The benefits of good hardware

July 23, 2007 | In Tech

I recently, after much saving, purchased a 320GB LaCie D2 external drive for my desktop setup at home. Previous to this I had a 250GB drive (Seagate I think) inside a reasonably generic case. The disadvantage to the latter was that it had poor MacOS compatability, where if the Mac went to sleep, I’d have to pull the cable from the drive before it would eject under the operating system. Thankfuly, I don’t have the same issues with my new D2, which even goes into a sudo power saving mode when it hasn’t been used for a few minutes.

I’m not quite sure if using the Firewire 800 port on the D2 has helped any, but I’ve also seen an increase in performance in Final Cut Pro after moving my capture scratch to the new drive. Everything seems to render a little quicker and playback seems a little snappier. However, I still really do need to swap out my 512MB of RAM in my G4 Powerbook for a 1GB stick just to bump up the performance that little bit more. Suprisingly, FCP seems to handle well under the RAM I’ve currently got, but I’m sure it would happily use all the RAM I’ll throw at it.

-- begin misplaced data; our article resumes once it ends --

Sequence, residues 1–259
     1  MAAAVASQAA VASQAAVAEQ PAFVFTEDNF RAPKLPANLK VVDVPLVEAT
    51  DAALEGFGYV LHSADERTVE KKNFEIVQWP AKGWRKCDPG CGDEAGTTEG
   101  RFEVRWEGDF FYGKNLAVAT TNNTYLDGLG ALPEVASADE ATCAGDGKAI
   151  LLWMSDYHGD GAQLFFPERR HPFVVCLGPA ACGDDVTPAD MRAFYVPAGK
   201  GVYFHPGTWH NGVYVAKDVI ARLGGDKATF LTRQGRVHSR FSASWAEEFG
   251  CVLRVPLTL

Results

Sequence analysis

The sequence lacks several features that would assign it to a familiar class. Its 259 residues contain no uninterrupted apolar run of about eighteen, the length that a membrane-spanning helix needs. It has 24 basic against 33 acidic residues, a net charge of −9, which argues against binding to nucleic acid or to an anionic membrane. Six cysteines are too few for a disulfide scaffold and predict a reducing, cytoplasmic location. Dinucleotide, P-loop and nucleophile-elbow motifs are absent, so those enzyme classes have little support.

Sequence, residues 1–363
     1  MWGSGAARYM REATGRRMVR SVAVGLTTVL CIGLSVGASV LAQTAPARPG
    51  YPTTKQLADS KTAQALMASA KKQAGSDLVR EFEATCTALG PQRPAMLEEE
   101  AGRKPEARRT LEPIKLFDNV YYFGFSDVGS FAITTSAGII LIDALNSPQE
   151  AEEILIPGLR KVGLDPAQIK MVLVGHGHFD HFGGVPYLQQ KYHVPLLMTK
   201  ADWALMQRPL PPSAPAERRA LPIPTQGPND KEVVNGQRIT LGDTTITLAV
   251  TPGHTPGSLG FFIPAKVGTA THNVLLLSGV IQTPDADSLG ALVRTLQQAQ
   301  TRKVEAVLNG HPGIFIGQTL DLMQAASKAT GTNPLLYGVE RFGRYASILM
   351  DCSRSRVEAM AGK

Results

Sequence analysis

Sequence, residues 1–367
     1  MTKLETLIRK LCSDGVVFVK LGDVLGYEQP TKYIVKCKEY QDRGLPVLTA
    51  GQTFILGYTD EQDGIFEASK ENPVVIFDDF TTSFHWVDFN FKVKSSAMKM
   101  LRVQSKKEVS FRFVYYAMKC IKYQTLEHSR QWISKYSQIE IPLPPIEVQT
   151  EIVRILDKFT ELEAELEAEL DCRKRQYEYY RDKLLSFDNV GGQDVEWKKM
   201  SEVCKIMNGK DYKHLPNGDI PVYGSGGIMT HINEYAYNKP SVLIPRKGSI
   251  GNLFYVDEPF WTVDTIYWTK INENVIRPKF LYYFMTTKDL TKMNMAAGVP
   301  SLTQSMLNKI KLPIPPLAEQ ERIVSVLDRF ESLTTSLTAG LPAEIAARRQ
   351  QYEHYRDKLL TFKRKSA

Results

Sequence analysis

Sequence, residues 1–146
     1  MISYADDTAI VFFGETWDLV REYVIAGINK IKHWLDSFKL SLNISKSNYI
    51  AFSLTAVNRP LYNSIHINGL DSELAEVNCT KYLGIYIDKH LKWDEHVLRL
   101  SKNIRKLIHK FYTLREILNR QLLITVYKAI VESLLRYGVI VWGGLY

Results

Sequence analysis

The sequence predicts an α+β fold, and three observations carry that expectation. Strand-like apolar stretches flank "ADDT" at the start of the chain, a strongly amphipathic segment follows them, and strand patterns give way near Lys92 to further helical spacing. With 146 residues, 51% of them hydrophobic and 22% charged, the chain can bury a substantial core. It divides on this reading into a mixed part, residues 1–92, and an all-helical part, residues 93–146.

My advice for this situation? Don’t buy no-name external cases/drives off Ebay like I did. While I’ve put the old drive into use now as a backup drive, I would have been better off buying a good quality drive in the first place. Incidentally, LaCie have released a Quatro interface drive (as opposed to my Triple interface drive) which adds E-Sata – definetly worth checking out.

I’m looking forward to getting a spanking new Black MacBook and 5th gen iPod from Apple in a few weeks after securing a part-time job with them as a Campus Rep around UTS (and Uni of Sydney as well). I’ll be sure to post photos of my new setup when I turn my PowerBook into a sudo desktop setup for video editing, and begin to use my MacBook as my primary machine.

– james

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